Forme Journal.

A conversation with Alexandra Davenport and Lucie Armstrong

Alexandra Davenport is an artist working with photography, performance and text. The gestural body is central to Alexandra’s practice, through an exploration of the performativity of image-making utilising choreographic methods. Representations of womxn in visual culture, the body as image and neuroscience are key themes communicated within Alexandra’s research and practice.


Circuit Training (exercises in self-doubt), 2018


LA. Hi Alex, firstly I was wondering if when creating work are you at all communicating an aspect of yourself or your personal experience? When viewing your portfolio I feel like I am perhaps seeing you acting out or translating a part of yourself, but this may of course be myself projecting my own thoughts onto your images. I personally feel a real connection to your photographic practice and I am interested to know how important is it that you are in your work yourself? 

AD. My work isn’t autobiographical per-se, but it is definitely informed by my experience. At risk of sounding cliche, my practice helps me to make sense of the world and so I would find it very difficult to separate the two. So in that sense, my presence in my work is inevitable, however my physical presence — being “in” the work that is, is dependent on the individual work. Sometimes it comes down to convenience, as a kind of an easy place to start and test out an idea. Other times it feels important that I am physically “in” the work as the presence of the artist can drastically shift the context.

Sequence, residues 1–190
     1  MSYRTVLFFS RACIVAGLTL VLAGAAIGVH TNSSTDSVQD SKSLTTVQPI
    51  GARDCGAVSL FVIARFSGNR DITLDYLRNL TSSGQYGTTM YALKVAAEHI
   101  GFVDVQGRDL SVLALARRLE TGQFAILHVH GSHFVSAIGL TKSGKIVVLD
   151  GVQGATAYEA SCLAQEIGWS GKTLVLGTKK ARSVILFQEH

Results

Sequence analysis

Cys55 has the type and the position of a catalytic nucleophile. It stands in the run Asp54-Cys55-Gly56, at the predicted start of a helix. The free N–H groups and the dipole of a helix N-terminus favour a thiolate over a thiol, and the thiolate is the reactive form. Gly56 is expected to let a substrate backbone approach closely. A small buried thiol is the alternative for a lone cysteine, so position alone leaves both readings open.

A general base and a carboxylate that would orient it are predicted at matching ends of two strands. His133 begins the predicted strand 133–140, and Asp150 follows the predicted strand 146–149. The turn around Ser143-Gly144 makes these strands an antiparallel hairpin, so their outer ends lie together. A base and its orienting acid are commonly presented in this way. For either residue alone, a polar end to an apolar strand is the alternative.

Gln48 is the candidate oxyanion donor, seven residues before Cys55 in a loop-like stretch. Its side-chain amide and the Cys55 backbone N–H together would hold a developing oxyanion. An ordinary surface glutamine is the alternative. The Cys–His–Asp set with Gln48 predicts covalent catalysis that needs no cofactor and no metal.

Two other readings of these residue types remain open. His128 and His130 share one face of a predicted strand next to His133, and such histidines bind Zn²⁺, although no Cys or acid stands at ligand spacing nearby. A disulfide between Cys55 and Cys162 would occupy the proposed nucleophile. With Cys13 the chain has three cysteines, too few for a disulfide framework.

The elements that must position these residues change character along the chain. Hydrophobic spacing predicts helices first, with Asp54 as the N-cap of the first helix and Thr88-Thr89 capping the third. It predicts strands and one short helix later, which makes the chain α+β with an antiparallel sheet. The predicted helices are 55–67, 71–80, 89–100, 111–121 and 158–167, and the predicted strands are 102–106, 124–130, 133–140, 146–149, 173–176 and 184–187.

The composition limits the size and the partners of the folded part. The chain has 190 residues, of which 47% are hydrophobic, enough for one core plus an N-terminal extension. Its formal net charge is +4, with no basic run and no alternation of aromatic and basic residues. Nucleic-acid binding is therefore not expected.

With my 2018 live performance work Circuit Training (exercises in self-doubt) it was a mix of the two. I ended up in the work firstly because it was convenient! I didn’t set out to make the work with myself in it, however as the work developed it became important that I perform in it. Who I work with is also key. Circuit Training  was developed with Elizabeth Bradley who is a fantastic practitioner in her own right and also one of my closest friends. We already had a strong bond because of our friendship, but it became stronger through performing together and the energy that brings to the live performance is crucial - it added an emotional level to the work which I hadn’t anticipated. Elizabeth also designed the book of essays I wrote ‘To be confirmed exercises in self-doubt’, which sits in conversation with the performance. Dealing with the (In)consistency of images, each essay in the book signals back to histories of image-making, whilst utilising personal experiences of violence, empathy, and gender as an anchorage for the writing. The fact that she was so involved in that process as well as the performance was coincidental, but it really rounded off the work — it felt more resolved somehow.


Circuit Training (exercises in self-doubt), 2018

LA. The way you speak about working with Elizabeth Bradley sounds rather similar to how I feel about working with Ali Bell, an actor that I have been collaborating with over the past year. We already knew each other but sharing our thoughts and experiences has brought a much closer friendship between the two of us. This has been an additional and fun aspect of the work we made together, and we now continue to collaborate. I have become very interested in using collaborative auto-ethnographic research methods, and Ali and I write to each other during the forming stage of an idea, I was wondering if you have any specific research methods that you turn to and whether these adapt when working independently or when with another person?